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Study examines frailty among female shift workers


Photo: simonkr/iStockphoto

Toronto — Middle-aged and older shift workers are more likely to be considered frail – particularly women who work rotating shifts, a recent study out of Canada suggests.

A team led by researchers from York University used data for nearly 48,000 participants between the ages of 45 and 85 in the Canadian Longitudinal Study on Aging and followed up after three years to measure for frailty. Frailty was defined as a person’s likelihood toward disease and death. 

The researchers looked at 52 factors that likely shorten lifespan, including depression, osteoarthritis, history of heart attacks and mobility issues. Participants who had at least five of the factors were considered “mildly frail,” while those with at least 11 were considered “very frail.”

Overall, around 20% of the participants were involved in shift work. This group had a higher likelihood of frailty compared with those who worked only daytime hours. Additionally, more than a quarter of the shift workers were found to be mildly frail, and 7% were very frail. Women whose “longest job consisted of rotating shift work” were especially likely to be considered frail, as more than 31% were deemed mildly frail and nearly 11% fell into the very frail category.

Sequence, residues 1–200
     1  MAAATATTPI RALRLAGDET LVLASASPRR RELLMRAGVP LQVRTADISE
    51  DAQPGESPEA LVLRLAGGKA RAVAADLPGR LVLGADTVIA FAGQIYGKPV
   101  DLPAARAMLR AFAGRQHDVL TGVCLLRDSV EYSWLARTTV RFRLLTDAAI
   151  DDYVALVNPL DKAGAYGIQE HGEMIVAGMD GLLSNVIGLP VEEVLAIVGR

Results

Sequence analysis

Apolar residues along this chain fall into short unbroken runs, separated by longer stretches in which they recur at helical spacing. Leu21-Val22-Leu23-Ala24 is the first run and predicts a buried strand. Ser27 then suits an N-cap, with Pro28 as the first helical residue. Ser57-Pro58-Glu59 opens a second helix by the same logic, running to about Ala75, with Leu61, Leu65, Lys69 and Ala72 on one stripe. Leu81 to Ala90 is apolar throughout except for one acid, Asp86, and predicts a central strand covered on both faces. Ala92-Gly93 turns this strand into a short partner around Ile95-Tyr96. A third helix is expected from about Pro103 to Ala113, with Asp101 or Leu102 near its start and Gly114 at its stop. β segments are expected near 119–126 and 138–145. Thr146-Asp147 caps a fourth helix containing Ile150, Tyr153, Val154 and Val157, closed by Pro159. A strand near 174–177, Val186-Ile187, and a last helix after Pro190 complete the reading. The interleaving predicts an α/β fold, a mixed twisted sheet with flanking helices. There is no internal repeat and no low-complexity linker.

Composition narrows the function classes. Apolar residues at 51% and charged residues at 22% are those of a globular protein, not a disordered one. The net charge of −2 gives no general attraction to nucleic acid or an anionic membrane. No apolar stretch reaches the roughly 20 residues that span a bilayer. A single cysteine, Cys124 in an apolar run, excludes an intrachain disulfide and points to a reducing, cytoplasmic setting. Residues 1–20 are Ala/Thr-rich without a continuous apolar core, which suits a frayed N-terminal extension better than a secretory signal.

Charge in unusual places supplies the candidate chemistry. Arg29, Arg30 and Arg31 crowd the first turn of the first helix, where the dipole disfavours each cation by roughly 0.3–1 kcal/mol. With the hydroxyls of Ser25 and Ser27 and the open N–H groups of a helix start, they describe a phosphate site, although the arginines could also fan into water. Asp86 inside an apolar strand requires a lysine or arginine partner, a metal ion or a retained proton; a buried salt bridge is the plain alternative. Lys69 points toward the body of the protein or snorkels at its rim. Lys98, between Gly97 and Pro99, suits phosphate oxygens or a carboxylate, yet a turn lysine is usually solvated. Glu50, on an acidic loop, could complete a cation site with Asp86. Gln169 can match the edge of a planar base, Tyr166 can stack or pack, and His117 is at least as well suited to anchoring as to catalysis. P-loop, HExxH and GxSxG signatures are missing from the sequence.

Shift work can disrupt the body’s circadian rhythms, which can contribute to numerous health issues, according to a York press release. “We cannot ignore the negative health outcomes related to shift work, including cardiovascular diseases, diabetes, stroke and certain cancers,” said study co-author Durdana Khan, a doctoral student at the university.

Khan added that as more women work outside of a normal 9-to-5 schedule, focusing on exercise and nutrition can lessen the negative effects of shift work.

The study, which builds on previous research conducted by Khan and her colleagues suggesting that shift work may be linked to delayed menopause, was published online in the Journal of Occupational and Environmental Medicine.

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